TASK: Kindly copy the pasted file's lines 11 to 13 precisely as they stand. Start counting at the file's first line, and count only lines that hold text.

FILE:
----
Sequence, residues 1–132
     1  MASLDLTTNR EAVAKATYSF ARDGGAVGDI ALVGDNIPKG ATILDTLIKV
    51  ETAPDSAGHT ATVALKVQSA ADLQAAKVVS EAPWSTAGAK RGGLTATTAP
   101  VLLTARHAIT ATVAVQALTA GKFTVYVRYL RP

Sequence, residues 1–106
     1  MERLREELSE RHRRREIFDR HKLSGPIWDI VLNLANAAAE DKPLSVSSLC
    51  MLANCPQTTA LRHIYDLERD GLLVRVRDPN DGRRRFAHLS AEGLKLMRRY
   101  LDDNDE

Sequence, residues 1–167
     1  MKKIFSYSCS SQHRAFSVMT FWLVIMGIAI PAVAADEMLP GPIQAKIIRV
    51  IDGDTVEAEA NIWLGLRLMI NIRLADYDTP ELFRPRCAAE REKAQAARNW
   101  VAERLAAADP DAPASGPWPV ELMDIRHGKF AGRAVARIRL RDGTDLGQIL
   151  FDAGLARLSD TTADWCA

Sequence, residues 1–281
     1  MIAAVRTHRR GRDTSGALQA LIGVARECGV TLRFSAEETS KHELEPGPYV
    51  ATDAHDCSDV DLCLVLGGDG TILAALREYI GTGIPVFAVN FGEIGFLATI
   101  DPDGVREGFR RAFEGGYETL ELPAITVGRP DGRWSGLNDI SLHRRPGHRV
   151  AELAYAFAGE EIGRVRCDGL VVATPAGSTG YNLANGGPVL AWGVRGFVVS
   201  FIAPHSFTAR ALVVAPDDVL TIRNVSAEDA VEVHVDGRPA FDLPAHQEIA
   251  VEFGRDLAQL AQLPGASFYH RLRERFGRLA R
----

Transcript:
    51  IDGDTVEAEA NIWLGLRLMI NIRLADYDTP ELFRPRCAAE REKAQAARNW
   101  VAERLAAADP DAPASGPWPV ELMDIRHGKF AGRAVARIRL RDGTDLGQIL
   151  FDAGLARLSD TTADWCA